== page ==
James Leroy Wilson's one-man magazine.

Sunday, November 17, 2019

You are what you tolerate

John Middlekauff recorded his 3-and-Out podcast shortly after Browns defensive end Myles Garrett ripped off Steelers quarterback Mason Rudolph's helmet and hit him in the head with it. Middlekauff thinks Garrett's behavior was a symptom of an overall lack of discipline on the Brows team. The Browns are the most penalized team in the league, which Middlekauff believes is a product of bad habits that aren't corrected in practices and carry over into games. Middlekauff repeated a quote he heard recently: "We are what we tolerate."

I don't know if this particular incident can be attributed to failures in the Browns organization or leadership, but I found the quote remarkable; if I had heard it before, I didn't take it to heart.

We are what we tolerate.

Toleration is often used in a political sense, as freedom from coercion, prohibition, or censorship. It suggests that something can be allowed even if it isn't welcomed, condoned or supported. Toleration says, "I might not like it, and the majority of us might not like it, we aren't willing to pay the cost to eliminate it."

Toleration, then, isn't the promotion of "diversity." Toleration doesn't take a stand on whether diversity is good, only that it's not worth opposing. Toleration may come from a moral commitment to individual freedom, or it may be the result of a pragmatic assessment of the burdens placed on law enforcement agents, courts, and prisons: better to leave the dope-smoker alone, to tolerate him, when there's a murderer on the loose.

Toleration isn't really about people or their actions at all, it's about priorities, and that's why it has a meaning beyond politics or how people are treated. Nobody who's accusing the Browns for lack of discipline are saying players who have bad habits should be fired, it is their habits that shouldn't be tolerated. If something is intolerable, termination or punishment isn't necessarily required; correction is often the first step.

That's why there are training periods in many kinds of employment. New hires are trained to meet a certain standard. For instance, post-training, the standard may be 90% efficiency. There may be monthly goals to increase efficiency, and the ideal is 100%. But the 10% inefficiency is tolerated; 11% efficiency is not.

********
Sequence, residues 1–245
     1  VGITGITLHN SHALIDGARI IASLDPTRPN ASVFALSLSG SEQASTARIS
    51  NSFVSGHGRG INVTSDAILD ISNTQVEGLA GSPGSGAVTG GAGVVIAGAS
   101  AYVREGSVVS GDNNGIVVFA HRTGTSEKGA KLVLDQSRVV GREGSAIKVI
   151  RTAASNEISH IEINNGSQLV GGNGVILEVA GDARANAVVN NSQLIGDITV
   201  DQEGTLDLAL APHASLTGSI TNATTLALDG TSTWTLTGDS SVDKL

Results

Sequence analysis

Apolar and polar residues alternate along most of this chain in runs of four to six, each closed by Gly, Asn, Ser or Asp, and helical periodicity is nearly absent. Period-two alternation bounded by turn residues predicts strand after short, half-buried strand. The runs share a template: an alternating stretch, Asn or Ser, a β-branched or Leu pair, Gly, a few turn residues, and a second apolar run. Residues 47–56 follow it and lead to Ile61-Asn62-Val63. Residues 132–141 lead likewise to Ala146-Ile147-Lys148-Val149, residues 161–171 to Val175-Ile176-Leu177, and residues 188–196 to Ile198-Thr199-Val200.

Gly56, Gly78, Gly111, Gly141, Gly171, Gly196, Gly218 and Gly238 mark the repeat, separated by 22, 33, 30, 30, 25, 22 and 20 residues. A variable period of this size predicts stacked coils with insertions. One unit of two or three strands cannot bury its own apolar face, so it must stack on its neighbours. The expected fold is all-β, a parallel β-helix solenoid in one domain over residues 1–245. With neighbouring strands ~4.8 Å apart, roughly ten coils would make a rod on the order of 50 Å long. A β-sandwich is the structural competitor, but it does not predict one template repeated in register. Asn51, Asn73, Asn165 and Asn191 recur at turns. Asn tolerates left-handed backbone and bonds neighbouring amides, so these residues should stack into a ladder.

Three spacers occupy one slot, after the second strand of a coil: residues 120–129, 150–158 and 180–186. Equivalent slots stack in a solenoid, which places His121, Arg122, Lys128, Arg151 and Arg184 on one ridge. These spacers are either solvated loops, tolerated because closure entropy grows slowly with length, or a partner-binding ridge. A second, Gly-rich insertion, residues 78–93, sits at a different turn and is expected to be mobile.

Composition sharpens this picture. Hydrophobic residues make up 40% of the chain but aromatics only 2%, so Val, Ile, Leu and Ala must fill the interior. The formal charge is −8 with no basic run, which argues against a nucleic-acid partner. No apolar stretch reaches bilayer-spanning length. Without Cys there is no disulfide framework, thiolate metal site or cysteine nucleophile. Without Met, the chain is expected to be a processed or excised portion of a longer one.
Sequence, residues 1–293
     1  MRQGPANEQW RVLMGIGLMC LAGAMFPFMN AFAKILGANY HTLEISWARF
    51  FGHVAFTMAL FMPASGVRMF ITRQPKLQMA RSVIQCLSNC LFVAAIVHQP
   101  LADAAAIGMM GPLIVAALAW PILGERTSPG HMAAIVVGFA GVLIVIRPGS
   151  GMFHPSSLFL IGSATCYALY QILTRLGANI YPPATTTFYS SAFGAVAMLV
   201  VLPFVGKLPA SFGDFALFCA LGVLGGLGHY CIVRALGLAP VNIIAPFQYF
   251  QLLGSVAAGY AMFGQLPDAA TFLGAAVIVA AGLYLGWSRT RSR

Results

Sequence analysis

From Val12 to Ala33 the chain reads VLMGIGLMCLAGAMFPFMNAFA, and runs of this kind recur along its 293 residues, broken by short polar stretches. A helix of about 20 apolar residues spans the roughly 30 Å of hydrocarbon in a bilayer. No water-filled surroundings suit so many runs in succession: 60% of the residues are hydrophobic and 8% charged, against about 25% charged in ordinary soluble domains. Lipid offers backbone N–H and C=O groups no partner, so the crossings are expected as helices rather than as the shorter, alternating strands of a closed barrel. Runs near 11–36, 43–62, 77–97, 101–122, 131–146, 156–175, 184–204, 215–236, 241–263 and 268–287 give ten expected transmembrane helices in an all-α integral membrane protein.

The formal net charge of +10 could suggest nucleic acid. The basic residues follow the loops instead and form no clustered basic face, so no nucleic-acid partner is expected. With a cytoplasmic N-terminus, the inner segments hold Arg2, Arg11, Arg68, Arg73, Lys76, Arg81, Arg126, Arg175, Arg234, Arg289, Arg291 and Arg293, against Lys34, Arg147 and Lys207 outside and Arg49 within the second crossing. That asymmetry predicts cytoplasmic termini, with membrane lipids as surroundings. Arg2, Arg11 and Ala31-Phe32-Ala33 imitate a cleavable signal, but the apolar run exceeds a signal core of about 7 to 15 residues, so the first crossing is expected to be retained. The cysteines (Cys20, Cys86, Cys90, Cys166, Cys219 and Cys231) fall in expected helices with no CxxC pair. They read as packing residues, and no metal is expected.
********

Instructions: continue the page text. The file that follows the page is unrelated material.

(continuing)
The business is saying it can live with up to 10% inefficiency, and resources spent to raise that bar would mean fewer resources to meet other priorities. The business is what it tolerates. It tolerates inefficiency, but only up to a point.

The idea applies to individuals as well: You are what you tolerate.

That isn't a judgment of what should and shouldn't be tolerated. Everyone has their own priorities, preferences, and tastes. And I'm a big fan of the idea of counting one's blessings, of finding the good in every situation, of happiness and contentment regardless of circumstance.

But it could be useful to reflect on what one tolerates if one is dissatisfied with some aspects of life. For example, maybe your house is perpetually messy, and it bothers you, but you never feel you have the time or energy to clean.  Your priorities with your time and energy are elsewhere, which means you tolerate the mess.

But it may also be deeper than the mess itself: "Why don't I have the energy to clean? Why am I always too exhausted? Why do I have this low energy level?"

Other situations in life could lead to questions like:

  • "Why do I surround myself with people who don't respect me?"
  • "Why do I accept being paid less than what my work is worth?"
  • "Why do I tolerate unpleasant conditions in my life? Why do I feel like I don't deserve better?"

You are what you tolerate today, and you will be what you are tolerating tomorrow.

But you don't have to tolerate the same things.

And you don't have to be the same person.

James Leroy Wilson writes from Nebraska. Follow him on Facebook and Twitter. If you find value in his articles, your support through Paypal helps keep him going. Permission to reprint is granted with attribution.

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